The law's senseless cruelty was on display again last week in a Bridgeport federal courtroom. No matter how many times I see a person ground to dust by the impersonal imperatives of rules applied without reason, I still am outraged by each new life undone. Behold this new sorrow:
J.M. is a young man whose computers were seized by federal agents in March. The officers were looking for child pornography. This past week, prosecutors demanded that he turn himself in to a judge. Although federal law normally requires a grand jury to pronounce that there is reason to arrest, the law permits the Government to seek a warrant based merely on an affidavit in some criminal cases. The new United States Attorney in Connecticut, David Fein, doesn't want to wait for grand juries to act when it comes to claims of child pornography. He wants quick arrests. Our judges dutifully, and sheepishly, oblige the new lawman: Begone grand jury! People are looking at dirty pictures! The republic is imperilled! Sound the alarm!
We stood before a United States Magistrate Judge, an eight-year appointee who is relegated to the minor leagues of the criminal process, capable only of signing warrants, performing arraignments, and deciding, significantly, whether a defendant will be set free prior to trial or not. She signed the arrest warrant.
The Federal Bureau of Investigation agents who prepared the arrest papers detailed a shocking amount of child pornography in my client's computers, and, therefore, circumstantially at least, in his possession. There were nearly 100,000 images; some 7,000 videos. This is a large child pornography bust as these cases go. We entered our not guilty pleas and set ourselves to argue whether he ought to be detained pending trial.
If he is convicted of these charges, the prosecutor told the judge, he faces in excess of 12 years in prison. Because looking at these pictures poses a risk to children -- she never stopped to explain how looking at photographs poses a risk to anyone -- the prosecutor argued my client is a danger. I argue that pictures hurt no one. Sure, a market in filth requires suppliers. But there is no evidence that my client has trucked, bartered or traded in prohibited images since March, when federal prosecutors made it clear to him that trouble was coming. He poses no present threat. Indeed, he spoke freely to the agents when they searched his home.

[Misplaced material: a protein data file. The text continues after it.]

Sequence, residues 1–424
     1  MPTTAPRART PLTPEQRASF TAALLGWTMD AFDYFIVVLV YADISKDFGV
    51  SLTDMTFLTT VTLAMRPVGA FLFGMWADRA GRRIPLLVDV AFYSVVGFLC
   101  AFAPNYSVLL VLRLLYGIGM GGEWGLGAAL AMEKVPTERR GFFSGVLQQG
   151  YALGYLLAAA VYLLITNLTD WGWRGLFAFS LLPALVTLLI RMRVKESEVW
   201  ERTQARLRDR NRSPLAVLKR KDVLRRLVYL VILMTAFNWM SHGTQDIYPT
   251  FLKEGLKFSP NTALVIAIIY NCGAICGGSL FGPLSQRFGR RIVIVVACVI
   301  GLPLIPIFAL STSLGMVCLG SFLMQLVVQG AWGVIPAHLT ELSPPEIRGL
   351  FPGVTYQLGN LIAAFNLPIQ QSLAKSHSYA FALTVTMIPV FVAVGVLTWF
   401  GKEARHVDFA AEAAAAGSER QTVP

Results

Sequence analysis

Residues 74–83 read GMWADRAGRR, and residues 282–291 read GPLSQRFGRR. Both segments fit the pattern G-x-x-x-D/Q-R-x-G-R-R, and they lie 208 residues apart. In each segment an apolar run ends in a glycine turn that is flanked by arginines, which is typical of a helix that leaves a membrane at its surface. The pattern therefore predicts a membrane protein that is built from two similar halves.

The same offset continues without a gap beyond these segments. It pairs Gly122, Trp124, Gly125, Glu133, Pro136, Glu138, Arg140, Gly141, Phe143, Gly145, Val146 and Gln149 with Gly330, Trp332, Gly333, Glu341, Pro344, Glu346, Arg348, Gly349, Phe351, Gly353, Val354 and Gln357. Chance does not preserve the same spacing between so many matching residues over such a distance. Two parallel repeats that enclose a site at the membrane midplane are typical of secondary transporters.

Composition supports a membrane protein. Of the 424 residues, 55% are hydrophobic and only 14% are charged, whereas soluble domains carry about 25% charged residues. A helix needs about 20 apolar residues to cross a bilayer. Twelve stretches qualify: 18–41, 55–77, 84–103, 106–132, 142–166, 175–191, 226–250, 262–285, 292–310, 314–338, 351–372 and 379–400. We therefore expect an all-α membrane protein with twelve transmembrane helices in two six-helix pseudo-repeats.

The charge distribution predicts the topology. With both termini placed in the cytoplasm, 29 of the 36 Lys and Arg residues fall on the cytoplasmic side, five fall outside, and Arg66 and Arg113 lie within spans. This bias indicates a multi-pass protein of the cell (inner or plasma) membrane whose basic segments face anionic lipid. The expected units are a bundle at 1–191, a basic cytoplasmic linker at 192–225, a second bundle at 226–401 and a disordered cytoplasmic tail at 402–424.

But then came the fatal move, the move that stuns me into a sense of impotent rage.
My client has lived in the United States since he was six years old. For the past quarter of a century he has been educated in the United States; he speaks Englsh with hardly a trace of an accent; he has no passport to travel abroad. Indeed, he has not left the country since he first arrived here. But for all that, he has not acquired a legal right to remain in the United States. Although papers were filed years ago to permit him to remain lawfully in the country, no action was taken on his file. He appears to be in the country illegally.
The Government now moves in for the kill at the detention hearing. Since he has no legal status here and now faces many years incarceration if convicted, he is a flight risk. Hence, he must remain locked up. The judge appears to agree. We go back to court next week to sort out his status. In the meantime, my client sits in a federal prison, trying to find hope. Were the man in the country lawfully, the Government concedes it would have agreed to his release. He is imprisoned on the say-so of a federal agent, deprived of the dubious protection of a grand jury, and not even offered the protection of an Article III judge appointed for life, and hence, presumably above the push and pull of hysteria. This illegal alien got discount justice.
The senselessness of this is beyond belief. My client is as much an American as am I. We both grew up here. We both speak the same language. As children, our parents put down roots where they could in order to survive: his parents came from Latin America, my father snuck into the country from Crete, and died, many years later, living under forged papers. Yet an accident of birth give me the right to remain here; nothing more.
My client may not be released prior to trial. If I lose the trial, he will be sentenced to more than a decade in federal prison. When he is released from prison, he will be put on an airplane and flown to the country of his birth, a place he has never called home, and where no one knows him. I doubt he will be welcome with open arms.
What sense is there is locking this man up only to throw him out of the country? We are not working to rehabilitate a man who will rejoin our society. Throwing him out of the country is deterrence enough for him and others. We lock him up only to punish him. Yet isn't banishment punishment enough? The law operates in this case with a senseless cruelty and coldness that leaves me near speechless. I try to explain the law's ways to him; it must sound as if I am talking mere babble. This is not justice. It is savagery.